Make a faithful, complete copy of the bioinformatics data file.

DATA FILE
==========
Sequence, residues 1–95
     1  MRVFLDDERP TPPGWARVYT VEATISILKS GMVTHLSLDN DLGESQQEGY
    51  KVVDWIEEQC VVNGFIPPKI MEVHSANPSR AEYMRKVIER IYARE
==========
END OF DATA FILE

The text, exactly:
Sequence, residues 1–95
     1  MRVFLDDERP TPPGWARVYT VEATISILKS GMVTHLSLDN DLGESQQEGY
    51  KVVDWIEEQC VVNGFIPPKI MEVHSANPSR AEYMRKVIER IYARE